His main research concerns Ecology, Escape response, Predation, Zoology and Context. In his research, Paolo Domenici undertakes multidisciplinary study on Ecology and Boldness. His Escape response research is multidisciplinary, incorporating elements of Marine invertebrates and Predator.
His Predation study integrates concerns from other disciplines, such as Pike, Cognitive psychology, Angular sector and Respiration. Paolo Domenici interconnects Herring, Clupea, Predator attack and Clupeidae in the investigation of issues within Zoology. His study focuses on the intersection of Range and fields such as Habitat with connections in the field of Marine conservation and Fishery.
His main research concerns Ecology, Predation, Escape response, Fishery and Zoology. Ecology and Context are two areas of study in which Paolo Domenici engages in interdisciplinary research. Many of his research projects under Predation are closely connected to Biological sciences with Biological sciences, tying the diverse disciplines of science together.
His Escape response research is multidisciplinary, incorporating perspectives in Stimulus, Predator attack and Herring. His Pelagic zone study, which is part of a larger body of work in Fishery, is frequently linked to Fast start, bridging the gap between disciplines. The various areas that Paolo Domenici examines in his Zoology study include Juvenile and Fish locomotion.
The scientist’s investigation covers issues in Zoology, Ocean acidification, Predation, Ecology and Hypoxia. His Zoology study integrates concerns from other disciplines, such as Billfish, Sailfish and Striped marlin. His study in Predation is interdisciplinary in nature, drawing from both Escape response, Fishery and Foraging.
His Escape response research includes themes of Stimulus and Econometrics. As part of his studies on Ecology, he frequently links adjacent subjects like Replicate. His Hypoxia study combines topics in areas such as Sea bass, Oxygen metabolism, Oxygen regulation, Dicentrarchus and Synbranchus marmoratus.
His primary scientific interests are in Ocean acidification, Ecology, Escape response, Hypoxia and Fishery. His study involves Abiotic component, Global warming and Juvenile fish, a branch of Ecology. Paolo Domenici has included themes like Stimulus, Neural control, Motor control and Neuromuscular control in his Escape response study.
His Hypoxia study incorporates themes from Zoology, Ecotoxicology, Environmental impact assessment and Sea bass. He has researched Fishery in several fields, including Foraging and Forage fish. In the field of Predation, his study on Predator overlaps with subjects such as Rorqual.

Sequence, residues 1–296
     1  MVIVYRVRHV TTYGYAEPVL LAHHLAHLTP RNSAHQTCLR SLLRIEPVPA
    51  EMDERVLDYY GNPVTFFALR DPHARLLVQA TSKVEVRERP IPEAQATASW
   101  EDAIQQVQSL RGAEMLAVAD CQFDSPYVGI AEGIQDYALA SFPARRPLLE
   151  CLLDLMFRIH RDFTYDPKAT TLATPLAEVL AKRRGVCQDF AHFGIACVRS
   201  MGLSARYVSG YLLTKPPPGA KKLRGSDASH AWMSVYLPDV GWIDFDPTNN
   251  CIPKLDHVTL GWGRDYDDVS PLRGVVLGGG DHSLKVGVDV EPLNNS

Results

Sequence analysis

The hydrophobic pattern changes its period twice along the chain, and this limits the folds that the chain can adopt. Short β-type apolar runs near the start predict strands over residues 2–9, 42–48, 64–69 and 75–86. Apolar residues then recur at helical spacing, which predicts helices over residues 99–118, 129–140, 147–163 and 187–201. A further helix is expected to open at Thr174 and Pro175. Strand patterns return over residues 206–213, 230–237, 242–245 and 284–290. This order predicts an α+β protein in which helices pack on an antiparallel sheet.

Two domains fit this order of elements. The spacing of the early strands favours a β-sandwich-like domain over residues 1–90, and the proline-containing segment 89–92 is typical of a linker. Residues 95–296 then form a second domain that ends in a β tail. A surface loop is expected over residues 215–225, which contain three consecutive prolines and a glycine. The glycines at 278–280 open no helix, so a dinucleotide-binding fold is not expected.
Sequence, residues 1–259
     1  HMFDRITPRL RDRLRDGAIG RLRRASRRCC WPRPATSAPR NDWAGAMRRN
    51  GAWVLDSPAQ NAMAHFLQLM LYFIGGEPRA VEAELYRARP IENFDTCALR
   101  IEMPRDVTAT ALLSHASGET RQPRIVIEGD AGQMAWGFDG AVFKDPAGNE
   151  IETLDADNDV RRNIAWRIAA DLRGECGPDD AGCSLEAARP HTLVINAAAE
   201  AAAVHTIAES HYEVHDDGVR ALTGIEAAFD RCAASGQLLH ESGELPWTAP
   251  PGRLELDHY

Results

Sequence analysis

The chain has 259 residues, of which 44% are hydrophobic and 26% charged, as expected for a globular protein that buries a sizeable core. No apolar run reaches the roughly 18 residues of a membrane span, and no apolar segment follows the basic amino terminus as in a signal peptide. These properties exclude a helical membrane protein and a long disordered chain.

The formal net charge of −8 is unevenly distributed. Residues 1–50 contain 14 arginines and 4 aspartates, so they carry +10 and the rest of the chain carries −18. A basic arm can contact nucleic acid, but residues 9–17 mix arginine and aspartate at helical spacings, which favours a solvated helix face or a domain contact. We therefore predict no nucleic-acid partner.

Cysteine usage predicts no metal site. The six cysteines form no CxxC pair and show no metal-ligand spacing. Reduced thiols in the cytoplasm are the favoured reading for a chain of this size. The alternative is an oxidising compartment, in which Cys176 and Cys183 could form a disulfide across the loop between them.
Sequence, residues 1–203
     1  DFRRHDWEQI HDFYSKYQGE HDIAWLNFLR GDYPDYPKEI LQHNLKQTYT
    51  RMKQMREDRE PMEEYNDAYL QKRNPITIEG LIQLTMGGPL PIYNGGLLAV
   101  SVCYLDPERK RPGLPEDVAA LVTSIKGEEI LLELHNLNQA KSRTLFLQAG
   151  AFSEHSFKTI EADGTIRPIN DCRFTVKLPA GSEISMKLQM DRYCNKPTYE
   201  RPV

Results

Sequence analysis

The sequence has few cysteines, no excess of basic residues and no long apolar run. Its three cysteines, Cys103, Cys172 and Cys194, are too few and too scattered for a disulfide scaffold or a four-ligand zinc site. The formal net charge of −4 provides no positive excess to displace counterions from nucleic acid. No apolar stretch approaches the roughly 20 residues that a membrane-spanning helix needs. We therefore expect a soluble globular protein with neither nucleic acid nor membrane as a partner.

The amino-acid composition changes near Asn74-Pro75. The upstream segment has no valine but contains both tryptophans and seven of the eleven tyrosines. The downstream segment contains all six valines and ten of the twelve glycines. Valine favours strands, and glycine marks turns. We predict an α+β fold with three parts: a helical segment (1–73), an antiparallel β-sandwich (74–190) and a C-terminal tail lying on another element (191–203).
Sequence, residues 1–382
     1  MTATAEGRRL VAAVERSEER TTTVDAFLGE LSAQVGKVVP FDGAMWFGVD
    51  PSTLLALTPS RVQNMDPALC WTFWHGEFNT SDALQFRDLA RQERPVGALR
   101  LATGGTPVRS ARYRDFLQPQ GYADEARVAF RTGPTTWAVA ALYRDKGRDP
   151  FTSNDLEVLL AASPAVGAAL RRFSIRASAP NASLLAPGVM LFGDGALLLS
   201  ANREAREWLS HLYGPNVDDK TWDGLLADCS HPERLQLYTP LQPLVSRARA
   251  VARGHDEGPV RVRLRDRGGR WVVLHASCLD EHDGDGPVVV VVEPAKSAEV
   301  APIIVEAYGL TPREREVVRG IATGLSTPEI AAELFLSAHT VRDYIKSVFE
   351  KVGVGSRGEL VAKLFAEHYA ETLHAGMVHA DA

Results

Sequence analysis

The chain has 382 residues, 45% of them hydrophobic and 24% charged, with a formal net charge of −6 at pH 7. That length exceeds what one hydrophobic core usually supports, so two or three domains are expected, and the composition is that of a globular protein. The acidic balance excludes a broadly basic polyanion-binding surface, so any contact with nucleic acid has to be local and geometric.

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The kinematics and performance of fish fast-start swimming
The Journal of Experimental Biology (1997)
Marine reserves: size and age do matter
Joachim Claudet;Craig W. Osenberg;Lisandro Benedetti-Cecchi;Paolo Domenici.
Ecology Letters (2008)
Near-future carbon dioxide levels alter fish behaviour by interfering with neurotransmitter function
Nature Climate Change (2012)
Environmental stressors alter relationships between physiology and behaviour.
Shaun S. Killen;Stefano Marras;Neil B. Metcalfe;David J. McKenzie.
Trends in Ecology and Evolution (2013)
Marine reserves: fish life history and ecological traits matter.
J Claudet;J Claudet;C W Osenberg;P Domenici;F Badalamenti.
Ecological Applications (2010)
The scaling of locomotor performance in predator-prey encounters: from fish to killer whales.
Comparative Biochemistry and Physiology A-molecular & Integrative Physiology (2000)
Elevated carbon dioxide affects behavioural lateralization in a coral reef fish
Biology Letters (2012)
Effectiveness of European Atlanto-Mediterranean MPAs: Do they accomplish the expected effects on populations, communities and ecosystems?
Jose Antonio Garcia-Charton;Angel Perez Perez-Ruzafa;Concepcion Marcos;Joachim Claudet.
Journal for Nature Conservation (2008)
Predator-induced morphology enhances escape locomotion in crucian carp
Proceedings of The Royal Society B: Biological Sciences (2008)
The Kinematics and Performance of the Escape Response in the Angelfish (Pterophyllum Eimekei)
The Journal of Experimental Biology (1991)
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